Take the 2-minute tour ×
Stack Overflow is a question and answer site for professional and enthusiast programmers. It's 100% free, no registration required.

I need to check a string for any IPv4 address or one of following CIDR blocks: /16 or /24. So, 192.168.0.1 should match. 192.168.0.0/16 should match. 192.168.0.0/17 should NOT match I'm using following regex:

re.compile(r'^([0-9]{1,3}\.){3}[0-9]{1,3}(/(16|24))?')

This matches all IP addresses but also strings like 192.168.0.0/aaaa

Now, if I change the regex (remove ? at end):

re.compile(r'^([0-9]{1,3}\.){3}[0-9]{1,3}(/(16|24))')

It matches CIDR blocks /16 or /24 but not the IP Addresses(eg, 192.168.0.1) anymore.

Isn't '?' supposed to check a group for optional occurrence? What am I doing wrong?

Note: I know the IP address regex itself is not perfect, but I'm more interested in getting help on the issue described.

share|improve this question
add comment

4 Answers

up vote 6 down vote accepted

This should work:

^([0-9]{1,3}\.){3}[0-9]{1,3}($|/(16|24))$

It checks for $ (line end) or / and 16 or 24.

Just like you said ? marks a group as optional, which means that it will try to include that in the match if possible. But in some cases it cannot like in 192.168.0.0/aaaa, but because it is optional it will still match the other parts.

That is why the above regex is more suited for your needs. This way you will only get a match if it ends either with /24, /16 or end of line eg. 192.168.0.1.

share|improve this answer
1  
Above regex works but also matches a string of form '192.168.0.0/16ddddd'. I need the regex for validation purpose so I added $ at the end of optional pattern as well : r'^([0-9]{1,3}\.){3}[0-9]{1,3}($|/(16|24)$)'. –  tigeronk2 Aug 28 '12 at 4:35
add comment

Accurate Match

Matches 0.0.0.0 through 255.255.255.255. If CIDR block specified, then matches only if the CIDR is 16 or 24. In action:

^                                                 # Start string
(25[0-5]|2[0-4]\d|1\d\d|[1-9]?\d)\.               # A in A.B.C.D
(25[0-5]|2[0-4]\d|1\d\d|[1-9]?\d)\.               # B in A.B.C.D
(25[0-5]|2[0-4]\d|1\d\d|[1-9]?\d)\.               # C in A.B.C.D
(25[0-5]|2[0-4]\d|1\d\d|[1-9]?\d)($|/(16|24))?    # D in A.B.C.D and /16 or /24
$                                                 # End string
share|improve this answer
    
Thanks for the exact pattern –  tigeronk2 Aug 28 '12 at 4:43
add comment

Is there some reason you feel compelled to approach this with a single regex? Is it really a nail(*)? Is there some reason why you can't install and use the Python IPAddr module and use it to parse and manipulate your IP addresses? I guess you could then do something like:

#!/usr/bin/env python
import ipaddr
...
mynet = ipaddr.IPv4Network('192.168.0.0/16')
try:
    other = ipaddr.IPv4Network(other_network_string)
    nm = other.netmask
except ipaddr.AddressValueError:
    other = None
    nm = None

...

if nm and nm == mynet.netnmask:
    be_happy()

In other words there's a package where someone has done all the heavy lifting of parsing and manipulating IP Address strings. How much of that do you really want to redo for your code? How much time do you want to spend testing your new code and finding the same sorts of bugs that the creators of this package have probably found and fixed?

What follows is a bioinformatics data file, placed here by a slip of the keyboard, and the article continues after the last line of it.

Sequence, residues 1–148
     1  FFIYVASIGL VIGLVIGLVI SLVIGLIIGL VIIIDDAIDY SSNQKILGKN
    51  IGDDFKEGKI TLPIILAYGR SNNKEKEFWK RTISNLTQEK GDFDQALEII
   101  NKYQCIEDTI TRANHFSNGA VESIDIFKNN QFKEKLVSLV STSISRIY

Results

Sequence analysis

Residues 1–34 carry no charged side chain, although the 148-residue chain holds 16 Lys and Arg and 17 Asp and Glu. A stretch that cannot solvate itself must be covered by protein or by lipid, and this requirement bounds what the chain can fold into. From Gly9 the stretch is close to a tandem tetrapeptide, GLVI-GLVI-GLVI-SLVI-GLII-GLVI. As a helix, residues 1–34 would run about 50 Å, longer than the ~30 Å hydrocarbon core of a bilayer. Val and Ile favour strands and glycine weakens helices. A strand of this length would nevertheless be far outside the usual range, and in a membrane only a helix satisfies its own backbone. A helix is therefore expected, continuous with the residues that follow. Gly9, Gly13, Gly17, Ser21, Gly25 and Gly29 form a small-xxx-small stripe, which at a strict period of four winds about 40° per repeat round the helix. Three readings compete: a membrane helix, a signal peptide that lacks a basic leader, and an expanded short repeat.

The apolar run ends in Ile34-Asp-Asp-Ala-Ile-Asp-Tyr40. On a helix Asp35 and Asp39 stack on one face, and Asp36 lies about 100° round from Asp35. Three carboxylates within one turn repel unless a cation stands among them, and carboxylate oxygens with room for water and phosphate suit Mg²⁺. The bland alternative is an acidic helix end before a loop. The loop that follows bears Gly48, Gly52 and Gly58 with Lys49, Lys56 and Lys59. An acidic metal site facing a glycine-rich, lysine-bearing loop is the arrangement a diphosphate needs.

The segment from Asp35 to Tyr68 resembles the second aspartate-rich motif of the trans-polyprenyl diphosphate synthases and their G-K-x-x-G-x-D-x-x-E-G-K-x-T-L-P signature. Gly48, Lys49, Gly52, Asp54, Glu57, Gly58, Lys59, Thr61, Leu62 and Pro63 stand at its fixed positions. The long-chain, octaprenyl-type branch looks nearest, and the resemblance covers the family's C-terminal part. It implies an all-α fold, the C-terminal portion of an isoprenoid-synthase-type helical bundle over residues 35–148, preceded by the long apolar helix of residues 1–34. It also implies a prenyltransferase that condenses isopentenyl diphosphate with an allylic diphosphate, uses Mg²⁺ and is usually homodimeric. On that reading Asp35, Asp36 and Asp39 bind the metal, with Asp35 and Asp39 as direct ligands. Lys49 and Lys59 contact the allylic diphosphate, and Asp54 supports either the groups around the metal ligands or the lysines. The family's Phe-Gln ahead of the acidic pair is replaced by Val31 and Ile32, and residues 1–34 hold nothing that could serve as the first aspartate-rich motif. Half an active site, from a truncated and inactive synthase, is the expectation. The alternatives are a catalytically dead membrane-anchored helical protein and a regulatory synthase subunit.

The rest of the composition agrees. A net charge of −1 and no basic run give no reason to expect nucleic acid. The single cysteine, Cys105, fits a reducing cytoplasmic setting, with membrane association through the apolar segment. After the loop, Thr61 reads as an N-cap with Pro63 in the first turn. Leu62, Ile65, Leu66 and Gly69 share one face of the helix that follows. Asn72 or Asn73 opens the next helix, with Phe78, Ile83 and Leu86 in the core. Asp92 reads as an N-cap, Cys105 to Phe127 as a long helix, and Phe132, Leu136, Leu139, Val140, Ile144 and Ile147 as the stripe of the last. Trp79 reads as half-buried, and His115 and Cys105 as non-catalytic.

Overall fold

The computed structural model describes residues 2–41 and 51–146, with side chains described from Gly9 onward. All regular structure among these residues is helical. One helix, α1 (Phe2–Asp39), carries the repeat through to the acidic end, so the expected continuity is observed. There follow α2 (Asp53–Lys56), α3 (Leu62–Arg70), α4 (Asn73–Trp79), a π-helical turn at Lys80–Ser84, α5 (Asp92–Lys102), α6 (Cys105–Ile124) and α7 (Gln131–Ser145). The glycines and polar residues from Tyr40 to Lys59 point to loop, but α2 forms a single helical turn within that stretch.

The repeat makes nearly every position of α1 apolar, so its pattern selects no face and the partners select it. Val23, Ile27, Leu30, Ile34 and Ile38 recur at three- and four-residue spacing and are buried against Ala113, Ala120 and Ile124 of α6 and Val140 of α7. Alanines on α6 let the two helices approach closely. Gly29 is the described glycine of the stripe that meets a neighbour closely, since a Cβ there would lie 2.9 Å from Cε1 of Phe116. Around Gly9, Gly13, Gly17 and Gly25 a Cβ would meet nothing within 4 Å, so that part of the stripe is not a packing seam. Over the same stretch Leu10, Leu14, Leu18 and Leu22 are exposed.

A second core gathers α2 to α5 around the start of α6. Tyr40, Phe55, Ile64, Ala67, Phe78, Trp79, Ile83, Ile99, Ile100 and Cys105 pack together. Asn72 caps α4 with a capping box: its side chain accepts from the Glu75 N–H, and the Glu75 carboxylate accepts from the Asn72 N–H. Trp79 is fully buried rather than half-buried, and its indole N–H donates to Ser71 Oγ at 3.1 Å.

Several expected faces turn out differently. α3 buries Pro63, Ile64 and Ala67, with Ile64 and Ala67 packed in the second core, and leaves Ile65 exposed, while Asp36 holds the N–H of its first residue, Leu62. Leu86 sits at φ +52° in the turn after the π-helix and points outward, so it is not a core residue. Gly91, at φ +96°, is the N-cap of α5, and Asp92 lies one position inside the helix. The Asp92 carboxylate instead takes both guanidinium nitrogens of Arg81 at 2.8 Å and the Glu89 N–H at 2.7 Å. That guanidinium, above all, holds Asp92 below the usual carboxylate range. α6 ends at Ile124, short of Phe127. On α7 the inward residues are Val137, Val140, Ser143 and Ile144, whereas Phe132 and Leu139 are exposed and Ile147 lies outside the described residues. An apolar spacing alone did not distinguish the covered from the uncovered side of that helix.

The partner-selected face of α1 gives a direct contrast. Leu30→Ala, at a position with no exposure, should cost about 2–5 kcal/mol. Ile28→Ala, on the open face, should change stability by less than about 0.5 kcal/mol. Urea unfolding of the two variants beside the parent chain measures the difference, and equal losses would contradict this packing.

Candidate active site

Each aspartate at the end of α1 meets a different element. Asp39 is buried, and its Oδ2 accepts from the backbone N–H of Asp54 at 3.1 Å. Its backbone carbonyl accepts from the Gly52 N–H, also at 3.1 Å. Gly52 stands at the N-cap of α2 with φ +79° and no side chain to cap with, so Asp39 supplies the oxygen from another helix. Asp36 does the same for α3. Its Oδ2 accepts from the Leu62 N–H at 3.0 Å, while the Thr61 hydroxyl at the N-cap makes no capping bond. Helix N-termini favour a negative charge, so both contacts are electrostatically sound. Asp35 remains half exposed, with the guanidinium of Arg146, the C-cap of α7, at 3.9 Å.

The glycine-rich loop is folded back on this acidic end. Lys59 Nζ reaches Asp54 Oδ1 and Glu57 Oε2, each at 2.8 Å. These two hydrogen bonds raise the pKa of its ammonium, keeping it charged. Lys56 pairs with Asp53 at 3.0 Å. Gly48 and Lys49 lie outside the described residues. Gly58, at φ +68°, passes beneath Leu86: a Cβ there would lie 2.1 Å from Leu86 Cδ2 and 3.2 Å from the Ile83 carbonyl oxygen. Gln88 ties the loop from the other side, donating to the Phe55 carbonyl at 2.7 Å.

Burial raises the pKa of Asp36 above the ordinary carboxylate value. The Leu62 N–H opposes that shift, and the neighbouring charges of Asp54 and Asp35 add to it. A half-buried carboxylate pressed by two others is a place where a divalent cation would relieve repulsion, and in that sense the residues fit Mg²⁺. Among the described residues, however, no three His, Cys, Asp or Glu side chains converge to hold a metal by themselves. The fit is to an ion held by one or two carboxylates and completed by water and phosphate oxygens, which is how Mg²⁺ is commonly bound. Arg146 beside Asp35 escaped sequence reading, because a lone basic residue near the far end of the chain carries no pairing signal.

If I sound like I'm hammering on the point a bit ... it's because this approach seems entirely too similar to attempts to parse HTML (or XML) using regexes rather than using existing, tested, robust parsers which have already been written.

  • (If the only tool at hand is a hammer, every problem looks like a nail)
share|improve this answer
    
I'm using the regex for form entry validation. Do you think I should use ipaddr even for form validation? I do use ipaddr in another module where incoming request's IP is actually validated against the stored list. –  tigeronk2 Aug 28 '12 at 5:14
    
I would use it rather than trying to write your own parser/validator. Ideally this will future proof your code to allow it to easily support IPv6 or alternative ways of representing networks if they are ever developed. As I said, the maintainers of that module have problem encountered and fixed a few corner cases that you're not likely to think of unless you write a formal lexical parser. –  Jim Dennis Aug 28 '12 at 10:47
add comment

The semantics of '?' is a bit more complex (just a bit). You can imagine it like a synonym of the adverb "possibly".
It works this way: IF there's a substring matching my pattern THEN go on with the matching process. I "highlighted" IF and THEN because the semantics of the implication says that, in case the premise is not satisfied, the whole sentence is still true.

Therefore, let's now apply this principle to your case. You put a '?' on a suffix. Let's assume that the former part matches and, now, let's deal with the suffix: if there's a suffix that matches your pattern, the whole string will match. If the suffix doesn't match, there's no problem: the block marked with '?' is "optional" (remember the "possibly" semantics or, equivalently, the implication semantics), therefore the string still matches.

Therefore, putting a '?' block in the last part of your pattern is not very useful, because the string will still match, whether or not there's a matching suffix. Optional blocks are useful only in the middle of a string, indeed.

share|improve this answer
    
Thanks for the explanation on how ? works. But, I was also expecting the remedy. –  tigeronk2 Aug 28 '12 at 5:08
add comment

Your Answer

 
discard

By posting your answer, you agree to the privacy policy and terms of service.

Not the answer you're looking for? Browse other questions tagged or ask your own question.